“Les Miserables” 2 hrs 37 minutes Director Tom Hooper
As soon as I returned from my East Coast holiday I charged over to see the latest movie adaptation of Victor Hugo’s novel, Les Miserables. I have seen it five times prior at a variety of theaters, including one in Paris twenty-five years ago. The French generally, at least at that time, did not like musical theater, and it closed in ten days. Imagine, a Victor Hugo story about the French Revolution closing so quickly in Paris! Americans have not tended to embrace musical films, either. Even Phantom of the Opera was not a financial success so it must have been very speculative for the investors of Les Mis to consider this expensive production.
The investment in Hugh Jackman who brilliantly plays Jean Valjean, was a life-saving decision. Jackman holds it all together. Both his enormous singing and acting talent should win him an Oscar nomination. Yet he was snubbed by the Oscars! Anne Hathaway does a verycreditable job in her role and will probably be nominated for a Best Supporting Actor award. One of the scenes I did not care for was the portrait of the prostitutes. There was a Quentin Tarantino-esque about them, with overdone makeup that made them look like clowns. The rest of the cast disappointed me. Russell Crowe can certainly hold a key and is normally a fine actor. He just didn’t live up to the tremendous potential of dramatic range that the role begged for. While the story takes place over some thirty years, Crowe never ages, which I thought strange. Eddie Redmayne as Marius just didn’t stir my heartstrings. Would a young, pretty girl fall madly in love at first sight with this Marius, who had a rather effeminate manner? I don’t think so. Other than his one solo the day after his friends are killed, he lacked the acting caliber necessary to the role. Opportunities were lost in some of the scenes. The stage production had the ghosts of Marius’ friends at the tavern as he mourned them, a very haunting and profoundly touching scenario, more effective than the movie version in this particular production. Pretty Amanda Seyfried did not seem to embrace the dramaticpotential of her role, either. She reminded me of the young, lead actress in Phantom who did the same thing: she could sing well and was quite beautiful, but she was robotic in her role, which detracted from the drama of the film. Samantha Barks as Eponine is a talented singer but she, too, held back to the very last moment. And the actor who played the little boy should have had a French accent instead of a cockney accent; even though it is a British film it takes place in Paris.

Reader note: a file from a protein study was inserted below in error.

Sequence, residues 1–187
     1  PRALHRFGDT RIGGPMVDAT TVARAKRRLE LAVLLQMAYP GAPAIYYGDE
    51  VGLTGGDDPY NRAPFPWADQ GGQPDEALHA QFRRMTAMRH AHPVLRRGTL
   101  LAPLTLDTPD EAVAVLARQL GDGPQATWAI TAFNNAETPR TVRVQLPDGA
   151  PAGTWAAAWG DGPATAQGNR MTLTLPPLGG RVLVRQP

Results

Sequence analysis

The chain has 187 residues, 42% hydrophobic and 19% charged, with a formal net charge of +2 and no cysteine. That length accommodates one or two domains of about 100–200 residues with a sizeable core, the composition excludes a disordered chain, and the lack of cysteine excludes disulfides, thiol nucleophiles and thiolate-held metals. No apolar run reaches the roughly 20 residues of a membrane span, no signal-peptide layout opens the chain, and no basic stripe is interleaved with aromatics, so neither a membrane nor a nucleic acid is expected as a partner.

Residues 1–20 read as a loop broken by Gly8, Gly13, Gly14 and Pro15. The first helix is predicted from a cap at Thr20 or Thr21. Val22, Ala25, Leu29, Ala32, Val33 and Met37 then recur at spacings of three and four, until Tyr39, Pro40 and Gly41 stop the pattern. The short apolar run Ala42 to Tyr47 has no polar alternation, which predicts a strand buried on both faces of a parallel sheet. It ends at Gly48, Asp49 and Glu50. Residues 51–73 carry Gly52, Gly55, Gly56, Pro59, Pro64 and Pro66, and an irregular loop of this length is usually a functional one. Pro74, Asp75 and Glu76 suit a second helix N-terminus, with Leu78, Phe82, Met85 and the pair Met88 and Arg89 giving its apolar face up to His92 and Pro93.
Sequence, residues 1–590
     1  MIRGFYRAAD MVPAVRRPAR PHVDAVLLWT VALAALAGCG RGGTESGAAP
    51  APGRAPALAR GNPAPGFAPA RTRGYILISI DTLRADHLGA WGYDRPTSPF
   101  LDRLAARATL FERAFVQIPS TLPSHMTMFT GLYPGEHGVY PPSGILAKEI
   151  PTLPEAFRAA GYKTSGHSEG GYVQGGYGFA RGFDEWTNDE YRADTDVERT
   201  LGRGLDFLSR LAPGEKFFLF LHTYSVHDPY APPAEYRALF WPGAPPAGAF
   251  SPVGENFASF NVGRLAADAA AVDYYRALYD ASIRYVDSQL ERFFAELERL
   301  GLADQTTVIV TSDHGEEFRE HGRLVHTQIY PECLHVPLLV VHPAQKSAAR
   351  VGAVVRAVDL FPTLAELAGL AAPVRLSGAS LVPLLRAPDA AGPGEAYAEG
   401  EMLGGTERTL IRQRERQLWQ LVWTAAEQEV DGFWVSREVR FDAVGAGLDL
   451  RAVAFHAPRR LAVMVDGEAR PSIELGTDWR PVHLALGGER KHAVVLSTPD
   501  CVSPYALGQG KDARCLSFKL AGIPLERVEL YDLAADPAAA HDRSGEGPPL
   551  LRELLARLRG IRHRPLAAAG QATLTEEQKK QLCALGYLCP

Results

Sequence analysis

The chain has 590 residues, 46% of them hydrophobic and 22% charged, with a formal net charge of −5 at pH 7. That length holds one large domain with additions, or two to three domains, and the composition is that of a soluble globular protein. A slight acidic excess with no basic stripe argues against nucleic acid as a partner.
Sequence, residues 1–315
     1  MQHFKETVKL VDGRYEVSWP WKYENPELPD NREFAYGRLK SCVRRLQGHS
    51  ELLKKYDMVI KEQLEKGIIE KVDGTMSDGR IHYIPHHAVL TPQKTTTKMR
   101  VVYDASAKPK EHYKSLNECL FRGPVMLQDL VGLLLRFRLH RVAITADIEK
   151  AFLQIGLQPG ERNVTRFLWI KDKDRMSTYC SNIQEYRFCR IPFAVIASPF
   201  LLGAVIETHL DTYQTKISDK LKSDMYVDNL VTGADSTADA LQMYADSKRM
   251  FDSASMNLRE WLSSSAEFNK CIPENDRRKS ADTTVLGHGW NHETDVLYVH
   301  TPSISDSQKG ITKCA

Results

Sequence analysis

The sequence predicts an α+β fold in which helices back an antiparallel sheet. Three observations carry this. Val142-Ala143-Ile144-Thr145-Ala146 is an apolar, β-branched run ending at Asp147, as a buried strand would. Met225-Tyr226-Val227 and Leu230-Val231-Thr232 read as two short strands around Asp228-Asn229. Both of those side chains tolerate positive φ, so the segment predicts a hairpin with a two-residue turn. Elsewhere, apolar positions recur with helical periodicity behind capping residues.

I also thought the very final moment of Jean Valjean was a disappointment as his ghost looks out over Paris and the scenes from the Revolution.
Still, it is such a strong story about the battle between good and evil. The lyrics written by Herbert Kretzmer are gorgeous and will leave you humming them for some time. With Jackman and Hathaway, it is worth seeing. ★★★★
They carry the movie. Had their support cast been stronger I would have given it that 5-star rating the story itself deserved.